Louise Bordelon is a leader in landscape architecture education and a force for creating a more inclusive, environmental, and sustainable future. Bordelon stepped into the role of Landscape Architecture Department Chair in July 2020. In her time as Chair, Louise led the department through the challenges of the COVID-19 pandemic and the Master of Landscape Architecture accreditation process and renewal. Now, Louise is turning her focus back toward research and teaching as she steps down from the Chair role. The College of Architecture and Planning would like to extend our thanks to Bordelon for her important work in leading our Landscape Architecture program. We look forward to seeing the impact she continues to make on our students and the landscape architecture profession.
“Landscape Architecture changes how we interface with the natural world. It has the ability to bring ecology and biodiversity back into our cities…bring people together and celebrate place and culture in ways that we really need,” said Bordelon in an interview about CU Denver’s Landscape Architecture program.
Bordelon grew up in South Africa, where she spent most of her childhood outdoors. Bordelon earned her undergraduate degree in architecture from the University of Cape Town and an undergraduate degree in landscape architecture from the University of Pretoria. She also holds a Master of Landscape Architecture degree and a PhD in Geography and Anthropology from Louisiana State University (LSU), where she was a Fulbright Scholar.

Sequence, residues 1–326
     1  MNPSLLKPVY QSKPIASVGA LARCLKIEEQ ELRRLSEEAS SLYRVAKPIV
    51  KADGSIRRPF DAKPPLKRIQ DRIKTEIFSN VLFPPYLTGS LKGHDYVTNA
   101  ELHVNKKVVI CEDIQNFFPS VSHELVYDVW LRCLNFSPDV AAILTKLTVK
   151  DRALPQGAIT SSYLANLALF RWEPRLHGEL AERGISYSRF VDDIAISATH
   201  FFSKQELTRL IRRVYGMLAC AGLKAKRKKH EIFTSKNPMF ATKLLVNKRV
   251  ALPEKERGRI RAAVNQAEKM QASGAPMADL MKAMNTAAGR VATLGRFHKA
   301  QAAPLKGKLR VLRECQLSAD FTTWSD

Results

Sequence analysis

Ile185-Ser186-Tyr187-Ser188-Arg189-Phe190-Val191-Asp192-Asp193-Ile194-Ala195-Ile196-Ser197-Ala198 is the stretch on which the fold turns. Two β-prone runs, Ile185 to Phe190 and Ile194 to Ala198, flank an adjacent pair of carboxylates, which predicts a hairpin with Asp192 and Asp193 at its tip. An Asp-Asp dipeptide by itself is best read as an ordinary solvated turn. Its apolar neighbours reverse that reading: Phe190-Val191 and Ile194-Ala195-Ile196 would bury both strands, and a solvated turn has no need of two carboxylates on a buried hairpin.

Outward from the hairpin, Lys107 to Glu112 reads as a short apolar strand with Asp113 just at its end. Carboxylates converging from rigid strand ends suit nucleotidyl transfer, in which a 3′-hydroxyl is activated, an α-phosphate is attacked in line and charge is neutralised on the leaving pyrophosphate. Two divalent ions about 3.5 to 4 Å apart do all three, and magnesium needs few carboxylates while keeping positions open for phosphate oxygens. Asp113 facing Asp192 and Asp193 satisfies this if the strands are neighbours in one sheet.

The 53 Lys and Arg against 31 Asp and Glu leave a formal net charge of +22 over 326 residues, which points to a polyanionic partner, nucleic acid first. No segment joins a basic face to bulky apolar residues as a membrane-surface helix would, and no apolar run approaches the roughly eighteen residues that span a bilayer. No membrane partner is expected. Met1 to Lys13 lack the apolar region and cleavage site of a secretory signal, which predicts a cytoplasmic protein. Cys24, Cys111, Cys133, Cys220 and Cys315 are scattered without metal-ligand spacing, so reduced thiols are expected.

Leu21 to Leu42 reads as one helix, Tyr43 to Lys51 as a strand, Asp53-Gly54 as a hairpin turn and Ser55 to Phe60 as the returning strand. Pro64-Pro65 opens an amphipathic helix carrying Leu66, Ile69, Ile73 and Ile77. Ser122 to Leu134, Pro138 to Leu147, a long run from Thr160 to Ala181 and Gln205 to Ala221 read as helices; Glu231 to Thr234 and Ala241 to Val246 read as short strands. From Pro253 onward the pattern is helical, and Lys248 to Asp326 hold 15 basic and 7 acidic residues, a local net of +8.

Where Landscape Architecture and Mountain Biking Meet
While attending LSU, Bordelon began racing road bikes. Eventually, she took up mountain biking, which is now both a hobby and a research interest, particularly in exploring gender and economic disparity within the mountain biking community.
“Drawing and writing are a lot like physical endurance—you have to work at them; you can’t run a marathon off the couch, and you can’t write a paper off the couch either. You have to repeat your activities again and again to master them,” said Bordelon. “Being a cyclist puts you on the paths and trails and allows you to understand places from a user perspective – totally unlike a site visit when you arrive and leave in a vehicle.”
The Future of Landscape Architecture
The landscape architecture research and curriculum at CU Denver is based on five core learning objectives: communication, content knowledge, design, ethics, and research.
Throughout the program, students experience and explore the landscape, working with not-for-profits, government agencies, and community groups. Students meet with communities and clients to better understand their needs, wants, and uses for their spaces. They interact with nature, learn about local and native plant life, and research how changes in our environment impact our landscapes over time.
“The practice of landscape architecture is essentially designing everything that is outside the building. So urban places, big parks, national parks, trails, master planning of communities, river systems, ecological restoration focused on how species co-habit and how we can work and live with systems,” said Bordelon.
The Landscape Architecture Department at CU Denver balances theory and practice to emphasize design to support human well-being and environmental balance.
Bordelon’s Next Steps
Next semester, Bordelon is returning her focus to research and her manuscript-in-progress, titled Neglected Narratives: Nature, Culture, and Colonialism on the Natchez Trace Parkway, which investigates and highlights untold stories of lesser-known minorities who inhabit this National Park. Louise is teaching Studio 2 that will take students on a journey through some of Denver’s most iconic cultural landscapes with the charge to re-imagine their potential.
Also, keep an eye out for her chapter on barriers to women’s participation in mountain biking due out in an edited volume titled Mountain Biking and Society published by Taylor and Francis (forthcoming February 2024).